The difficult relationship between the police and blacks in the United States is evident from the results of a recent Associated Press-NORC Center for Public Affairs Research survey. The poll highlights a number of racial divisions in Americans’ attitudes toward law enforcement and the criminal justice system. However, the survey finds agreement across racial groups on many of the causes of police violence. It also reveals a broad consensus among the public that a number of policy changes could reduce tensions between minorities and police and limit violence against civilians.
The nationwide poll was collected July 17 to 19 using the AmeriSpeak Omnibus, the probability-based panel of NORC at the University of Chicago. Online and telephone interviews using landlines and cell phones were conducted with 1,223 adults, including 311 blacks who were sampled at a higher rate than their proportion of the population for reasons of analysis.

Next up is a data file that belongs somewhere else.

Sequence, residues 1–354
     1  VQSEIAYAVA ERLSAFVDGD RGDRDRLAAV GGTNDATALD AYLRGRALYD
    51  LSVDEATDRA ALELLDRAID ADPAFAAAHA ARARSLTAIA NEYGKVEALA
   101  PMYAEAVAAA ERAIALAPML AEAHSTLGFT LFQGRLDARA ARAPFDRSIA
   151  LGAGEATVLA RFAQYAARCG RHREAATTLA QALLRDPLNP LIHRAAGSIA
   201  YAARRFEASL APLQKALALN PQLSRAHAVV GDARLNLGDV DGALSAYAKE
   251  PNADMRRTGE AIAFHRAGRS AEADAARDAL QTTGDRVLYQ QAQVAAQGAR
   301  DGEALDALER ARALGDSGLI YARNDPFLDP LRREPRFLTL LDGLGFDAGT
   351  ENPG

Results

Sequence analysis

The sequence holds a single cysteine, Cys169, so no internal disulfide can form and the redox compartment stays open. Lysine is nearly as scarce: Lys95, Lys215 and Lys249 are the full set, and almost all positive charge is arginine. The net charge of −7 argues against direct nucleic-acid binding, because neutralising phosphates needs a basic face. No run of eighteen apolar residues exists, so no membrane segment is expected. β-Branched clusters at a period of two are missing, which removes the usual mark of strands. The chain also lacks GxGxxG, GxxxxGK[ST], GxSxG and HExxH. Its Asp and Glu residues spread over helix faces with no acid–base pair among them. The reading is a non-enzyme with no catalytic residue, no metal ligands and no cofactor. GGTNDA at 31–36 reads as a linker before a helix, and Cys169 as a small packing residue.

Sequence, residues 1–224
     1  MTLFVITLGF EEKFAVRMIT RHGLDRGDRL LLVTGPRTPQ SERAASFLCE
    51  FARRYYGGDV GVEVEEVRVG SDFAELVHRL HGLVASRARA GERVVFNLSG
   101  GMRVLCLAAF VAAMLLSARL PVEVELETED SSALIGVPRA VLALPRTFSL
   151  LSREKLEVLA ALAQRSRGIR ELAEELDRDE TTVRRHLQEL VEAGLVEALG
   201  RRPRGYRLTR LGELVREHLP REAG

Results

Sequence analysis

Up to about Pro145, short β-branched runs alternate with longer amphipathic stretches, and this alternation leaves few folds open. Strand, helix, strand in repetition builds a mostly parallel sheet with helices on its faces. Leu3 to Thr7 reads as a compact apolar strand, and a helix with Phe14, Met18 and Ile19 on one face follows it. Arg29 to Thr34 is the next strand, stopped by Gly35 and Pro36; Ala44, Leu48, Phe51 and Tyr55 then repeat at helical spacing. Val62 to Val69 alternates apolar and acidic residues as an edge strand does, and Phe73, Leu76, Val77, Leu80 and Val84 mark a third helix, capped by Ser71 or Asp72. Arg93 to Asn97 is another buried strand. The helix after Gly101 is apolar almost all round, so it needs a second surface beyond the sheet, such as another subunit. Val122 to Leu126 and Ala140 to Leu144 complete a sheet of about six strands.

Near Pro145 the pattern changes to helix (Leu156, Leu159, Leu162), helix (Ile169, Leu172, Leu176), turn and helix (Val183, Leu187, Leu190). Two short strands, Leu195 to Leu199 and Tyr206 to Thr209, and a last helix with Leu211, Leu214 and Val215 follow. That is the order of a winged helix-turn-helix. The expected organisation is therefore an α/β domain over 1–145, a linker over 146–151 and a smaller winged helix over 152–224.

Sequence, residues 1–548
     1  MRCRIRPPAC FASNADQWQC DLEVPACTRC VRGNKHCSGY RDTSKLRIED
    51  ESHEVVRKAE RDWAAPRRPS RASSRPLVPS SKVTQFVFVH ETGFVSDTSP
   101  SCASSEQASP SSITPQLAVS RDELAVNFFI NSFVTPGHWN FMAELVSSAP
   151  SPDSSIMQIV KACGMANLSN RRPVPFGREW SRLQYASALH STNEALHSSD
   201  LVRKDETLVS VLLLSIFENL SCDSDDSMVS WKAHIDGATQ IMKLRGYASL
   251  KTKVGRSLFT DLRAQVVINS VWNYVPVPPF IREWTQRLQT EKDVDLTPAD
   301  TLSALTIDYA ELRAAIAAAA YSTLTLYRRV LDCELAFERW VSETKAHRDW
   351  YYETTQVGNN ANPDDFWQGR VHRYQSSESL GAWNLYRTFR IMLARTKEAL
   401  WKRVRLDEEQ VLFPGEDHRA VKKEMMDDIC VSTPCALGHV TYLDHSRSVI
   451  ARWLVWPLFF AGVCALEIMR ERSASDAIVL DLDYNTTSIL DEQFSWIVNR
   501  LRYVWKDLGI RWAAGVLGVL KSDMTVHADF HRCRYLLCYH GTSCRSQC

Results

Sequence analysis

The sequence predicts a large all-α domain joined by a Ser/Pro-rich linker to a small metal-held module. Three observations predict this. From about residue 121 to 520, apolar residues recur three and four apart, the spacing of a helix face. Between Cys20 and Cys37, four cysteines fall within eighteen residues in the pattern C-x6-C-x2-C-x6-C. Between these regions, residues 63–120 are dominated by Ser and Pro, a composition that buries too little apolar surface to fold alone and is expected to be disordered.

Three Things You Should Know
From The AP-NORC Center’s Poll on Law Enforcement and Violence
- Black Americans are nearly four times as likely as whites to describe violence against civilians by police officers as an extremely or very serious problem.
- More than 80 percent of blacks say police are too quick to use deadly force and they are more likely to use it against a black person. Two-thirds of whites label police use of deadly force as necessary and nearly 6 in 10 say race is not a factor in decisions to use force.
- There is support among both blacks and whites for many changes in policies and procedures that could be effective in reducing tensions between law enforcement and minorities and limiting police violence against civilians. For example, 71 percent say body cameras on police would be an effective deterrent to police aggression and 52 percent think community policing programs would help reduce the friction in minority communities.